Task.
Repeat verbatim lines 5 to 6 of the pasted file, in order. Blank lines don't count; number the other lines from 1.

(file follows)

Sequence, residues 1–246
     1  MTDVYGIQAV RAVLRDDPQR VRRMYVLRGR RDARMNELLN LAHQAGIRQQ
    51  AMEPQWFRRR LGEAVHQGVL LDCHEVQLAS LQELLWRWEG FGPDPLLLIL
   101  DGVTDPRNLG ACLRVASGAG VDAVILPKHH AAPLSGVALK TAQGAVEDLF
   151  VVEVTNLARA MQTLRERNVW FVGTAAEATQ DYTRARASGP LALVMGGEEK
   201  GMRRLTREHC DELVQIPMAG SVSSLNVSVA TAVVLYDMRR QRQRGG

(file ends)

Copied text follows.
   151  VVEVTNLARA MQTLRERNVW FVGTAAEATQ DYTRARASGP LALVMGGEEK
   201  GMRRLTREHC DELVQIPMAG SVSSLNVSVA TAVVLYDMRR QRQRGG